Q & A Thursday: protein & vegetarians
Posted by kathryn in Nutrition
Question number one, for this week’s Q & A Thursday is from Keltie:
Our family is vegetarian and I’m currently breastfeeding. I’m worried about my protein intake and also protein for my baby once he starts on solids. how do I ensure we are getting enough?
Protein is important for all of us. While it’s one of the nutrients vegetarians need to be careful about, in clinic I also see many omnivores who are not eating enough protein. Keltie, I’m going to answer your question in two posts, as there’s a lot of background to cover. The first post is more generally about protein and about vegetarians. While I’ll move onto your specific concern about breastfeeding in the second post.
Why do you need protein?
Protein is important to all of us. If forms part of the structure of your body. Your hair, skin, nails, muscles, brain, heart, lungs, liver and so on, are all made up of protein. Protein is also used to mend tissue, grow new tissue and make new cells.
In addition to this, most of the enzymes that catalyse your body’s biochemical reactions, are made of protein, along with the immune system factors that protect you from disease. Without an adequate intake of protein all these body parts and processes suffer.
Proteins are made up of smaller units called amino acids. There are about 20 amino acids and these join together, in a variety of sequences to form all the different proteins you need.
Amino acids are split into two groups, essential and non-essential amino acids. This is slightly misleading terminolgy, because we need all of the amino acids for our bodies to function adequately. However, the non-essential amino acids can be manufactured by the body. The essential ones are so called, because we must obtain them from our diet .
There are eight essential amino acids: valine, leucine, isoleucine, phenylalanine, tryptophan, threonine, methionine and lysine.
Sources of protein
The main sources of protein are meat, fish, dairy foods, legumes, nuts, seeds, eggs, grains. Most people don’t realise grain foods, such as bread and pasta, contain protein. While they are mostly carbohydrate, for vegetarians these foods are an important part of total protein intake.
As humans we need a certain ratio of amino acids to match our needs. However, not all the above foods contain sufficient amounts of each of the eight essential amino acids. Those foods that closely match our requirements are said to have a high biological value (HBV), while those with insufficient amounts of one or more of the essentials are said to have a low biological value (LBV). Most animal foods (meat, fish, eggs) are HBV, while plant foods tend to have a LBV.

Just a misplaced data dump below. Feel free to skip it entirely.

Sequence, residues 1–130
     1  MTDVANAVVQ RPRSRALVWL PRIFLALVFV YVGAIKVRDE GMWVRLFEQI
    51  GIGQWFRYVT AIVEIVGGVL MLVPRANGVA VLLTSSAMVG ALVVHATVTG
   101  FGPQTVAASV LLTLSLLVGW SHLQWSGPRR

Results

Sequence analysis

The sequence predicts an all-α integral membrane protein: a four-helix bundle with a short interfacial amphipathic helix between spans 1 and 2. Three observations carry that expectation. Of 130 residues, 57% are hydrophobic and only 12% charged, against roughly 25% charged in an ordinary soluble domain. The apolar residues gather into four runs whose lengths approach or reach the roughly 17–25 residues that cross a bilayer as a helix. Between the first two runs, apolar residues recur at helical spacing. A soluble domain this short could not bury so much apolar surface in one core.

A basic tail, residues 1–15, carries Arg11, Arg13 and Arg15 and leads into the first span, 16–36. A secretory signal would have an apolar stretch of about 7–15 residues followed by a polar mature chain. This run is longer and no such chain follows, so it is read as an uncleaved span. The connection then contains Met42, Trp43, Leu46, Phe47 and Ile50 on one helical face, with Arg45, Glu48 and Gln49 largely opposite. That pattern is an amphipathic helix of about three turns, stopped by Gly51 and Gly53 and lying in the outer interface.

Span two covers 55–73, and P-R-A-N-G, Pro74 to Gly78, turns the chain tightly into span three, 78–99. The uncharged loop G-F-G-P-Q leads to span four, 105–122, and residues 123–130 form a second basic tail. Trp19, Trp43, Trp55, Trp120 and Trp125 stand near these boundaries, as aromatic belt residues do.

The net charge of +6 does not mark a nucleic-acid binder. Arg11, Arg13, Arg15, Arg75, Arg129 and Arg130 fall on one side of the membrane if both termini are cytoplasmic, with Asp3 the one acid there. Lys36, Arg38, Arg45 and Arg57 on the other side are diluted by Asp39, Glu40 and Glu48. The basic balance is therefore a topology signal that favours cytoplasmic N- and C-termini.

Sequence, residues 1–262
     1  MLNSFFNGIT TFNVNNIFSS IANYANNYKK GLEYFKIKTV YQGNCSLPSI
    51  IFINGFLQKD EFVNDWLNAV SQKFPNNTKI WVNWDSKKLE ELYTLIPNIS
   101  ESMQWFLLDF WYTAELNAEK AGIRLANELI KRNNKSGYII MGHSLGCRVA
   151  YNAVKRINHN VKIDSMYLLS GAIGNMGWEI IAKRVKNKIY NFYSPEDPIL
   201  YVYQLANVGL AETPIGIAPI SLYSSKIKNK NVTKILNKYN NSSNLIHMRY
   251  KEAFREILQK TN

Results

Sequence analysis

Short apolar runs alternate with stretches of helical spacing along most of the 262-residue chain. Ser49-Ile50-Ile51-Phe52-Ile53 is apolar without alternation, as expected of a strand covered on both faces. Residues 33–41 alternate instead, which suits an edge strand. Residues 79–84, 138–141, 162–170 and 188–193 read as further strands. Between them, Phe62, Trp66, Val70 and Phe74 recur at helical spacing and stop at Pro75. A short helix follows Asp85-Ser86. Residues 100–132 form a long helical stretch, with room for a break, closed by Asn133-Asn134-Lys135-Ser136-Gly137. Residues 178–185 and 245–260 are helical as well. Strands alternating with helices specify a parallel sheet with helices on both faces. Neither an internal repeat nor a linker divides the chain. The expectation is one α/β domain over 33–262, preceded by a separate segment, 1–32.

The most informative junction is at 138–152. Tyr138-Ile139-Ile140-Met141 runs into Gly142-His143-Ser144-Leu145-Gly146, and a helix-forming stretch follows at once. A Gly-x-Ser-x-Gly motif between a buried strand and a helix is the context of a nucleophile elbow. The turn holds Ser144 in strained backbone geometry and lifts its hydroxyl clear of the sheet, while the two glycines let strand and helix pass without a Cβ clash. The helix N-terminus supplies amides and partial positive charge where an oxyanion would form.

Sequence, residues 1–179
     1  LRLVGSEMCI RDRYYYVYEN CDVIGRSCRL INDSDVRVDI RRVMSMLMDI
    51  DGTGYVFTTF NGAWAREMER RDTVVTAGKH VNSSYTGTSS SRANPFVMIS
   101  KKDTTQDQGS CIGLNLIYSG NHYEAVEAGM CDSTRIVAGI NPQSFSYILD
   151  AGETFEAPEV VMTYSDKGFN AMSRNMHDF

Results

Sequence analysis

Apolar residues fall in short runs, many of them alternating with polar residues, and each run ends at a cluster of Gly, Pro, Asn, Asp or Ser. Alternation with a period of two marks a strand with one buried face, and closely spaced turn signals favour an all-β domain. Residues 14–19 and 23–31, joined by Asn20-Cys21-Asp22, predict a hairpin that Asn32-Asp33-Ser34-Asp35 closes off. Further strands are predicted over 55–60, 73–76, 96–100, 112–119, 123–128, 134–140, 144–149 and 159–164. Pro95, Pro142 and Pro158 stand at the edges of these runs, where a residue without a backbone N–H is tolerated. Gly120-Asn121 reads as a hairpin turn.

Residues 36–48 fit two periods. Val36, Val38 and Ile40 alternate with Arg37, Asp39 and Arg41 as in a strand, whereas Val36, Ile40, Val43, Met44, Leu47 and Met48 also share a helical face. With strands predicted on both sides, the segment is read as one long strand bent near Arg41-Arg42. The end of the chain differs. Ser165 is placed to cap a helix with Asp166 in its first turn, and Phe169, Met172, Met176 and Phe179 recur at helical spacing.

Vegetarians and protein
To counter-act the LBV of most plant foods and ensure an adequate intake of all the essential amino acids, vegetarians need to eat a variety of protein containing foods.
The idea is that by using different sources of protein you counter-act the amino acid deficiencies in each food and increase the overall protein value of your meal, with an amino acid spectrum that much more closely matches your body’s needs.
For example legumes have lots of the amino acid lysine but are low in methionine. Whereas grains are high in methionine and low in lysine. Separately their use is limited, but when combined each makes up for the lack in the other and overall provides a much more useful protein meal.
I find it interesting that people in many traditional cultures have been protein combining long before the nutritional significance was understood. Just think of dal and rice, hummous and flatbreads, tofu and noodles, beans and corn tortillas.
How much protein do you need?
For adults, the recommended daily intake of protein for men is a minimum of 0.84g of protein per kilogram of body weight. For adult women (who are not pregnant or breastfeeding), the RDI is a minimum of 0.75g per kilogram of body weight.
Therefore a 60kg woman would need 49g of protein each day, while a man of the same weight needs 50g. Whereas a 90kg man needs 76g of protein and a woman would need 68g.
Note that people who are very active, women who are pregnant or breastfeeding, and people over 70 need more protein.
Protein content of typical foods
- 100g meat, chicken or fish – 20g protein
- 2 eggs – 12g protein
- 10 almonds – 2g protein
- 250ml milk – 8g protein
- 200g tub yoghurt – 12g protein
- 100g cooked beans – 6 – 8g protein
- 100g tofu – 12g protein
- 100g cooked lentils – 5g protein
- 1 cup cooked pasta – 6g protein
- 1 slice bread – 3g protein